33. Conn VS, Hafdahl AR, Cooper PS, Brown LM, Lusk SL. Meta-analysis of workplace physical activity interventions. Am J Prev Med 2009;37:330–9.
34. Fong SSM, Ng GYF. Does Taekwondo training improve physical fitness? Phys Ther Sport 2011;12:100–6.

Article information Continued

Figure 1.

Experimental design.

Figure 2.

Metabolic function of Taekwondo Taegeuk Poomsae (mean ± standard deviation): The (A) Change in VO2, (B) Change in VCO2, (C) Change in HR are shown.

TG: Taegeuk; VO2: oxygen uptake; VCO2: carbon dioxide excretion; HR: heart rate. a = Taegeuk 1 Jang vs.; b = Taegeuk 2 Jang vs.; c = Taegeuk 3 Jang vs.; d = Taegeuk 4 Jang vs.; e = Taegeuk 5 Jang vs.; f = Taegeuk 6 Jang vs.; g = Taegeuk 7 Jang vs. Taegeuk 8 Jang mean statistically significant differences, respectively.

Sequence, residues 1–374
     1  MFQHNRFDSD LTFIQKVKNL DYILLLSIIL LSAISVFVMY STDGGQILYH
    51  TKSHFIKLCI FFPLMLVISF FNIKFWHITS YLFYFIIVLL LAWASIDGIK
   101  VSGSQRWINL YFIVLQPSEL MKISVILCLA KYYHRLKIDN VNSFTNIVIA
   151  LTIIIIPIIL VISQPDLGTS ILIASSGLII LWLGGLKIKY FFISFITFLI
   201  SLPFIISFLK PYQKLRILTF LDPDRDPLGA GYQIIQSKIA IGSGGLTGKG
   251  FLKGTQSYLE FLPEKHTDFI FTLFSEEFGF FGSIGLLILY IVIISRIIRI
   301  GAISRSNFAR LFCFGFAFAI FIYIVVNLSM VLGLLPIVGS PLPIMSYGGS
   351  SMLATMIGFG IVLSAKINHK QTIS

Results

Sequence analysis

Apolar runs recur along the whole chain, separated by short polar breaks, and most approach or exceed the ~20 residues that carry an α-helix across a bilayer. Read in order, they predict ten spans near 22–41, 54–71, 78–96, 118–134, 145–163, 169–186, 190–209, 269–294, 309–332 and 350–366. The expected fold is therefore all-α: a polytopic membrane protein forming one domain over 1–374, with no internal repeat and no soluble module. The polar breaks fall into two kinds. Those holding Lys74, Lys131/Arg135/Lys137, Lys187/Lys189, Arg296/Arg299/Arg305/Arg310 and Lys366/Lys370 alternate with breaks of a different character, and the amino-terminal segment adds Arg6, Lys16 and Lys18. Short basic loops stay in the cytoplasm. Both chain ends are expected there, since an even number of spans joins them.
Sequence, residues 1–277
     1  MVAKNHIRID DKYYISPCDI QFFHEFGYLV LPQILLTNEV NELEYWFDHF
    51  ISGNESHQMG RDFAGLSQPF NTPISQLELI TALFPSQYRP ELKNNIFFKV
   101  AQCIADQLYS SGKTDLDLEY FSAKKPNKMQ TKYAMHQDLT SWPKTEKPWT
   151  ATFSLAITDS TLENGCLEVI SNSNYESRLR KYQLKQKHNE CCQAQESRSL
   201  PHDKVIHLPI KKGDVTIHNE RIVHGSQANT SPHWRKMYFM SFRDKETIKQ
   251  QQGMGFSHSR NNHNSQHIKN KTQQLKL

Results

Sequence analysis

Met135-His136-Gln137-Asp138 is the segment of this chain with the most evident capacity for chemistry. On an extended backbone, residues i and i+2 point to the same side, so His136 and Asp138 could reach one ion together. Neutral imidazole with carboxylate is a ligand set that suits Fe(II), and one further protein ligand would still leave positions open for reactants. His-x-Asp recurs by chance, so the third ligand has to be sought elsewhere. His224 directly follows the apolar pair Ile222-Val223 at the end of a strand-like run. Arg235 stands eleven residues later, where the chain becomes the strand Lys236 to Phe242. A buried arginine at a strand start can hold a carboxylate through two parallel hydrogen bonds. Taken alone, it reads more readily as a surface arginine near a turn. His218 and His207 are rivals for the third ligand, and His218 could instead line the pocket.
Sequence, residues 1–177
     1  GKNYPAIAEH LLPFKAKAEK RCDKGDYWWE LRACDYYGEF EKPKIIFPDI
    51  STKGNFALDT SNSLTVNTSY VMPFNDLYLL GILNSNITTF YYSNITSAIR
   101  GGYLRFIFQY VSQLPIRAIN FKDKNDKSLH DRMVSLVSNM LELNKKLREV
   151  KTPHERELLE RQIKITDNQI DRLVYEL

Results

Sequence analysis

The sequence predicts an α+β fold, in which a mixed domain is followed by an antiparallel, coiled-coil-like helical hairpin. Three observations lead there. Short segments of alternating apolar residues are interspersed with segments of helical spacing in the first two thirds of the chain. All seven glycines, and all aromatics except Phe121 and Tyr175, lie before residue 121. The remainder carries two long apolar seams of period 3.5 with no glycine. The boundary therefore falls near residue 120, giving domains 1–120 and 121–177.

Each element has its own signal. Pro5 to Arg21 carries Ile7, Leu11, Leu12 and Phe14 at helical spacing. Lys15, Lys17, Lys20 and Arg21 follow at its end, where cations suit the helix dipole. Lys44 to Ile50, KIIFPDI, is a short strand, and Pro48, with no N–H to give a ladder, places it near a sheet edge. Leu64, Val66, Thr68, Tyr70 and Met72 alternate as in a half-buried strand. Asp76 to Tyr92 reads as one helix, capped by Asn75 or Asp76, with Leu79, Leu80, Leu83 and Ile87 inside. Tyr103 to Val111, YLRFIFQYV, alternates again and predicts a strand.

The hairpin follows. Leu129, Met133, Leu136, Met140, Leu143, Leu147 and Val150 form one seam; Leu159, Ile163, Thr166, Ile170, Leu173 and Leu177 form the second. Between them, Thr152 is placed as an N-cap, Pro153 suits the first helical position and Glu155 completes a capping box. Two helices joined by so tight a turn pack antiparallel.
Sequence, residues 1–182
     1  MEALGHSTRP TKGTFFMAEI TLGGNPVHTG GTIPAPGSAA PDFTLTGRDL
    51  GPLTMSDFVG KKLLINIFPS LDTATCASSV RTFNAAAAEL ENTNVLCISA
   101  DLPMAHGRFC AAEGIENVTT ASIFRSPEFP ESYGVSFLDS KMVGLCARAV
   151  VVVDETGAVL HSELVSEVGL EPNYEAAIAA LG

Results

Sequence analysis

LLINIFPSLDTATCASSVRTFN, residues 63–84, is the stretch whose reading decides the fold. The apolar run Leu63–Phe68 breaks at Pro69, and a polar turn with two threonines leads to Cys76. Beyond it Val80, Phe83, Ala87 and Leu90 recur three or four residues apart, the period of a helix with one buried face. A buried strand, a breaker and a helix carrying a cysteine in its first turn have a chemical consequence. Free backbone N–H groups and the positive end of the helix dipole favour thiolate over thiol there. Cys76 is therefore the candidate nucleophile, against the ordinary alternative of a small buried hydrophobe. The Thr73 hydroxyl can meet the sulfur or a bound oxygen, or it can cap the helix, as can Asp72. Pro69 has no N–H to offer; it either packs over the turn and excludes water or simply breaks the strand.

Figure 3.

Energy expenditure of Taekwondo Taegeuk Poomsae (mean ± standard deviation): The (A) Change in CHO oxidation, (B) Change in fat oxidation, and (C) Change in EE are shown.

TG: Taegeuk; CHO: carbohydrate; EE: energy consumption. a = Taegeuk 1 Jang vs.; b = Taegeuk 2 Jang vs.; c = Taegeuk 3 Jang vs.; d = Taegeuk 4 Jang vs.; e = Taegeuk 5 Jang vs.; f = Taegeuk 6 Jang vs.; g = Taegeuk 7 Jang vs. Taegeuk 8 Jang mean statistically significant differences, respectively.

Table 1.

Baseline characteristics of the subjects.

Variables Male (n =42)
Age (years) 21.2±3.5
Height (cm) 173.5±4.9
Weight (kg) 69.3±7.7
BMI (kg/m2) 23.0±2.2
Free fat mass (kg) 59.0±5.7
Body fat mass (kg) 10.3±4.5
Body fat percentage (%) 14.6±4.9

Note. BMI = body mass index.